Tony Horton has become nothing short of a legend in the fitness community. His P90X programs brought weight training to the masses, and although folks in the strength and conditioning community might not agree with every single one of his methods, it's hard to argue with the results. Millions of people have found success with the programs Horton helped to create.
Now Horton is taking military-style bootcamp workouts to the masses with 22 Minute Hard Corps. P90X3 included some military-inspired workouts, but this new program is the culmination of Horton's passion for supporting the troops and creating a time-efficient workout program that's actually effective.
We had the opportunity to catch up with Horton to learn more about the philosophy behind 22 Minute Hard Corps and how the 57-year-old trainer stays in such ridiculous shape.
STACK: What inspired you to create 22 Minute Hard Corps?
Tony Horton: Well you know I don't have a military background, but my dad did. And I've been to about 50 military bases around the world. I've done a lot of domestic tours. I've taught classes at the Pentagon three times.
There's been a departure here in Hard Core compared to P90X, X2 and X3. Those were programs that were obviously different because of the time frame, the types of workouts and types of exercises. But I thought it was time for a boot camp-style routine because of my strong affiliation with the military. And it was a time for a departure. You have to reinvent yourself once in awhile.
The workouts in P90X3 were only 30 minutes long. Now 22 Minute Hard Corps is even shorter. Why are your programs trending toward shorter workouts?
People have time constraints. A lot of people use the excuse of having to go to the gym and take a shower afterward and go from machine to machine and wait for the people and all that. You can go into a class for sometimes 45 minutes to an hour. It just takes up a lot of time. What that does is kills so many people's ability to follow through with being consistent for the long term and not just for a period of time. We're trying to get people to be consistent for a lifetime. It became 22 because it's my favorite number. It was 20, it was going to be 20 minute hardcore. But I wanted a warm-up and a cool-down so that gave us the extra two minutes.
How did you cram a full workout into 22 minutes?
We really spent a lot of time and energy on sort of stuffing as much in as you could. But we wanted to get it back to basics. With P90X, X2 and X3, there's a learning curve with more than half of those exercises. These are basic movements that involve a lot of muscle recruitment without a lot of equipment.
We've had three test groups go through it, and the results are off the chain. And there are people who are in pretty damn good shape and folks who are clinically obese who are sticking with it and loving it because the learning curve isn't there. They feel like they're contributing to the cause of supporting our troops. And you can say those words, but by actually doing it, it means something more.
What do your personal workouts look like?
There's no typical workout day for me. Variety keeps it interesting so I don't plateau. I make sure I work on my cardiovascular, strength, balance and flexibility by mixing it up with a combination of plyometrics, resistance, and yoga routines every week. Similar to the routines in 22 Minute Hard Corps, I enjoy total-body routines that target different parts of the body at once.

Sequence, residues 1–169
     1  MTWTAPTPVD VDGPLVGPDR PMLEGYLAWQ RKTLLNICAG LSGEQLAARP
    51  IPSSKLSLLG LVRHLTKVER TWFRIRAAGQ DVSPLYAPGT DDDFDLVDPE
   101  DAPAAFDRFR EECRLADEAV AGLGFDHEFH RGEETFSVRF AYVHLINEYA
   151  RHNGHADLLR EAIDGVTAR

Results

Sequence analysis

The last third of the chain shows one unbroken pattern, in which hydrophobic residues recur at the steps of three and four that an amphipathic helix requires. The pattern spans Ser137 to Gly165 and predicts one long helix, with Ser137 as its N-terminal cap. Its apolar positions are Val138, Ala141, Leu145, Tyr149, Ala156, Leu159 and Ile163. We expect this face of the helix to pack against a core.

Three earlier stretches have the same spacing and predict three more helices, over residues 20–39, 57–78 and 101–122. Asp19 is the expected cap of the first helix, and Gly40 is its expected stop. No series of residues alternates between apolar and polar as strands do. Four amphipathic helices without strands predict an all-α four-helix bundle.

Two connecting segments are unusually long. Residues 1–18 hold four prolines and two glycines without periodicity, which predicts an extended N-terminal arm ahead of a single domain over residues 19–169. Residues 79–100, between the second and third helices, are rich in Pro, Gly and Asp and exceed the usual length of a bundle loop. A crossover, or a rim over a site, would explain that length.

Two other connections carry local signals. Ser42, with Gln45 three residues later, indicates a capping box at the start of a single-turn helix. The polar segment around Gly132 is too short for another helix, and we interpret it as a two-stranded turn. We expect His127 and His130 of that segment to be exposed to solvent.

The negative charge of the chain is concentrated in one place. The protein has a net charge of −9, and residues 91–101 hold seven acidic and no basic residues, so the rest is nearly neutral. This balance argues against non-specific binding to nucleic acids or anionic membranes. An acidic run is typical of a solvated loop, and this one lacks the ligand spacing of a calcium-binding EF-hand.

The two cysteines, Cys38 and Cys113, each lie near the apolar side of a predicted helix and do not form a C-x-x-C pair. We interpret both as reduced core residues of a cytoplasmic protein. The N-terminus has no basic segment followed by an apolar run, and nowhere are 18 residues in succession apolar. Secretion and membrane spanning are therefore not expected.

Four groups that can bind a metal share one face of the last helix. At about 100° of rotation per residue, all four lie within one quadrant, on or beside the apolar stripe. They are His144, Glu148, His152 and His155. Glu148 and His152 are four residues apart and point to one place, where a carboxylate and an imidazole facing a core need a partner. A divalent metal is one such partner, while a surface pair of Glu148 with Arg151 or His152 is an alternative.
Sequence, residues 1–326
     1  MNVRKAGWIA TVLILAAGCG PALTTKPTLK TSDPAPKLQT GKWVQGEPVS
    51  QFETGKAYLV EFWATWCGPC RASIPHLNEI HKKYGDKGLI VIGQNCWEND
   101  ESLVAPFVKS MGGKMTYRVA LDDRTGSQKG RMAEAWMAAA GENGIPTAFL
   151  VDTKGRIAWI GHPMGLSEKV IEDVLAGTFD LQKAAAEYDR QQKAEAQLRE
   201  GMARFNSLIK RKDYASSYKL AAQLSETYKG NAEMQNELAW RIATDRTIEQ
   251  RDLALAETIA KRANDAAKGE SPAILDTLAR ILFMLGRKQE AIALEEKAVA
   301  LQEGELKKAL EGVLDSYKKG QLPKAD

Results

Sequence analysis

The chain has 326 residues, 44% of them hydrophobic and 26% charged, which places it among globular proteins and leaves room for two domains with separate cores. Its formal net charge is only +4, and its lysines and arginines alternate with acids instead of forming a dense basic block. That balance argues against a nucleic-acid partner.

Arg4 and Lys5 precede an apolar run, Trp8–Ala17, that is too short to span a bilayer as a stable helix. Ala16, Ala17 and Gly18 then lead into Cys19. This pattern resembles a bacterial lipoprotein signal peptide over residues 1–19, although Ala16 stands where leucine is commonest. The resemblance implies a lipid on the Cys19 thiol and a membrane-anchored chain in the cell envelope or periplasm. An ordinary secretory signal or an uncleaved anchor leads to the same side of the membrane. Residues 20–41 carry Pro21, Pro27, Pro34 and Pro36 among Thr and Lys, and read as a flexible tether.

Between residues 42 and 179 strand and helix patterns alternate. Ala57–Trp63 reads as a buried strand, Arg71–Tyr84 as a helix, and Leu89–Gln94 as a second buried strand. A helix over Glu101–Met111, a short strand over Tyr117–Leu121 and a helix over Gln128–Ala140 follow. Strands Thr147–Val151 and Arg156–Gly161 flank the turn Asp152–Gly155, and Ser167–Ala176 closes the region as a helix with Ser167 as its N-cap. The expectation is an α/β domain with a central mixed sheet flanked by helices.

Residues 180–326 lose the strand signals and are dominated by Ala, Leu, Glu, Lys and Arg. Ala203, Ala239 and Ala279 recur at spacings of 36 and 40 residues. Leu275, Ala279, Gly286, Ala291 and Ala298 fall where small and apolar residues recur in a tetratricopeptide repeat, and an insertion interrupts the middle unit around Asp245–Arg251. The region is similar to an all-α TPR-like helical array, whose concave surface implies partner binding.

What are the most common mistakes you see people make when they attempt to lose weight?
Exercise is half the battle. Eating clean and healthy is just as important. It's also important to drink plenty of water and get at least 7 to 8 hours of sleep a day. People should look at getting healthy holistically so they change their lifestyle permanently, and not temporarily with yo-yo dieting and intense exercise.
How do you create the nutrition plans that are included in your programs?
I'm a flexitarian. One great thing about eating in this open-minded way is that I'm constantly looking at nutrition from new angles. So when it's time to come up with a new program, I sit down with the Beachbody Nutrition Staff to talk food. We look at the program and what we're trying to accomplish with it. Then we just banter and share ideas. What have I been trying? What have they been trying? What's the latest science? Next, we ping-pong ideas around until we have something solid. They go away into their labs to work their magic and come back with a fleshed out guide. It's teamwork, pure and simple.
How do you eat to stay lean and build muscle?
I eat fruits, vegetables, lean proteins, healthy fats and very complex carbs. I cheat very, very rarely ... maybe 5 percent, I don't have a cheat meal. I'll have a cheat snack. Like a cheat snack for me is like a Snickers bar once every three months. I mean really, every morsel matters to me. I don't count calories, I never have. I'm somewhere between 5- and 7-percent body fat. I don't drink at all. That helps. I don't drink coffee. Cheese is sort of a spice for me. And I cut out desserts about eight, nine months ago. Hardest thing I ever did. I mean key lime pie, brownies and chocolate mousse—are you kidding me? I was on a plane the other day and had a roll. You know what I mean? I've noticed that my energy is through the roof, I sleep a whole lot better and, you know, I'm a pretty lean guy.
Finally, what's your most impressive physical ability?
It's on YouTube right now. If you go to my fan page, you'll see me go up a peg board, up this metal post that goes up to the roof of this stack, down a rope, back up the rope and down the middle post and down the peg board. That's my most recent one. Check it out on the Tony Horton fan page on Facebook.
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